Sooner or later, people come to some issue where they may want to go it alone, but they need help. I sometimes confront people, but in a way I hope is gentle. I take hold of my shirt sleeve and ask rhetorically, “When I wanted a shirt, did I go out and plant cotton?”
Depending on how it goes from there, I may go on to point out that when I bought the shirt, I relied on someone to plant the cotton, someone to harvest it, someone else to take the cotton to a place to be spun into thread, someone else to put the thread on a loom to weave cloth, someone else to make the cloth into a garment, and a veritable fleet of truck drivers to transport the intermediate and the final products. Everyday life requires us to be dependent on others for many things. In fact, the division of labor makes life better for us. There are many examples: even the most talented musician is unlikely to be able to play violin, viola, clarinet, oboe, french horn, trumpet, tympani– everything in a symphony orchestra– and even if they could, they couldn’t do all of them at once. It’s the collaboration of the group that makes for the beauty and power of the orchestra.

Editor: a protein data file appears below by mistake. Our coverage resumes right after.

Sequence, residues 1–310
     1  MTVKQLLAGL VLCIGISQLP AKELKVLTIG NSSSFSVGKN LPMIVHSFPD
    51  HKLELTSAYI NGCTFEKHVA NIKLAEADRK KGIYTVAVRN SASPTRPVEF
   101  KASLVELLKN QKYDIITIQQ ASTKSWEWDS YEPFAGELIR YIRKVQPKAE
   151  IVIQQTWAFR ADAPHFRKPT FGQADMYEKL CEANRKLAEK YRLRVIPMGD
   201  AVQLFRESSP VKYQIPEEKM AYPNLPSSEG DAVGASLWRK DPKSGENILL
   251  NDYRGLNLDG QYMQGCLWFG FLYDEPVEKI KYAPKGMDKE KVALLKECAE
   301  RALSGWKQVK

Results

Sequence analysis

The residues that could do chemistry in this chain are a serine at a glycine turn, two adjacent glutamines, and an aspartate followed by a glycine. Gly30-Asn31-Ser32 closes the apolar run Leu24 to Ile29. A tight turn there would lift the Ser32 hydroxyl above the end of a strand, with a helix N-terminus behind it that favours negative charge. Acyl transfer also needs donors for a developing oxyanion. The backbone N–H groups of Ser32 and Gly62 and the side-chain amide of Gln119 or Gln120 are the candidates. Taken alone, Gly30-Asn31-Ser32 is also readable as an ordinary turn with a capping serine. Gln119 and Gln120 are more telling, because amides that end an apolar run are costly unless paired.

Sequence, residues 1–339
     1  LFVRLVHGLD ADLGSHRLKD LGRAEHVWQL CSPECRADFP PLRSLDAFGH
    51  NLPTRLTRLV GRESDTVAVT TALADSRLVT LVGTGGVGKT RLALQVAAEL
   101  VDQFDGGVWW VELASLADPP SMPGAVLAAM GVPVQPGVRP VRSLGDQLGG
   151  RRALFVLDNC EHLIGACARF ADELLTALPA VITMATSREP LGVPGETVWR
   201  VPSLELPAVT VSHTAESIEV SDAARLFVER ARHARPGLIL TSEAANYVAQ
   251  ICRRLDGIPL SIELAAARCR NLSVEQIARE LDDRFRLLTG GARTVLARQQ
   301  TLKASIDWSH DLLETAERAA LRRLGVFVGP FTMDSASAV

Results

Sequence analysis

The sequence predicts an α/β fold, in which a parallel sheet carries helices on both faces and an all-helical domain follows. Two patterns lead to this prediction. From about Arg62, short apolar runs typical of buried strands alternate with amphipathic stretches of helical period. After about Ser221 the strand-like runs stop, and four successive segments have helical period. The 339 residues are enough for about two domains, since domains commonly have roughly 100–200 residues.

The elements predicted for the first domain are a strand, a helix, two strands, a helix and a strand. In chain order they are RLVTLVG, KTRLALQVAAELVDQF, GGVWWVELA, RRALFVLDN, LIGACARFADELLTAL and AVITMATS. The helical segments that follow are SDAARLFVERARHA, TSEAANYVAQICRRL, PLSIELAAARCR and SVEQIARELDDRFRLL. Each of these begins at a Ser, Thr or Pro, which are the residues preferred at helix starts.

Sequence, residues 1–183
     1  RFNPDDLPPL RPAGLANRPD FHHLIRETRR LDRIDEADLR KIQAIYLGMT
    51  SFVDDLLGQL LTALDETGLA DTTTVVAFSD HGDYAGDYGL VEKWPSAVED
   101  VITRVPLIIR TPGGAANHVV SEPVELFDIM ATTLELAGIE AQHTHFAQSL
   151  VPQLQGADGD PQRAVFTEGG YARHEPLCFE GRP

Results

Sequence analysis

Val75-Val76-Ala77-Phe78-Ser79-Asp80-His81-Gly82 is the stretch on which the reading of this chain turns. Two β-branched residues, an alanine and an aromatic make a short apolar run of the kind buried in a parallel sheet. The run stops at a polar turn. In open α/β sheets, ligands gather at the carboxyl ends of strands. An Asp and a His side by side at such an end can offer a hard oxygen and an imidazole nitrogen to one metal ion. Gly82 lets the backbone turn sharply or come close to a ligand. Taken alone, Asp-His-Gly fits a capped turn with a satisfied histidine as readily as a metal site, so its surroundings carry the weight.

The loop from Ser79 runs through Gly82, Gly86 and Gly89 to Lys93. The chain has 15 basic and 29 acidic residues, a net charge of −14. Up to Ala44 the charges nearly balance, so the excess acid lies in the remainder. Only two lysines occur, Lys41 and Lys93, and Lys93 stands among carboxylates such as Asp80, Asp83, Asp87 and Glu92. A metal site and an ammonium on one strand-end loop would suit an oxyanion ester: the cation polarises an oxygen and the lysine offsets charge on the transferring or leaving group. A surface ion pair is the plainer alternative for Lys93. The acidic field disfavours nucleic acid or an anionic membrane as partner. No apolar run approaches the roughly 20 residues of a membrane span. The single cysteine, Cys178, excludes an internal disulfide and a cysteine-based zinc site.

Why, then, is it so hard to allow ourselves to be helped when it comes to mental/emotional issues? Well, of course, sometimes we are more open to it than others. We may get help from family, friends, a spiritual director or pastor, or see a therapist. But it is complicated, no question. Perhaps a family member is too involved to be a disinterested helper. Sometimes a friend is too quick to jump to problem solving and has a hard time listening. But the barriers to getting help can be inside us, as well. Maybe we have a hard time talking about it, or don’t trust anyone, or are inhibited for any one of a number of reasons. Perhaps a pastor of spiritual director will direct us to a therapist because the issues are outside of what is considered the scope of a spiritual director.
By the same token, we can get advice from others who have been through similar experiences. We can ask other parents, what did you do when your kid just couldn’t seem to get their homework turned in? Who did you find who was a reliable handyman to fix the front steps? What was it like caring for your elderly relative with Alzheimer’s? And there are, of course the 200+ twelve step programs, all based on the idea of one sufferer, who has been through a similar experience, helping another. Being networked in to a community, being part of an interdependent group, is likely to help. If you already are a cotton farmer, go ahead and plant cotton. But I’ll bet that even cotton farmers go to the store to buy their cotton clothing. It’s OK to depend on others.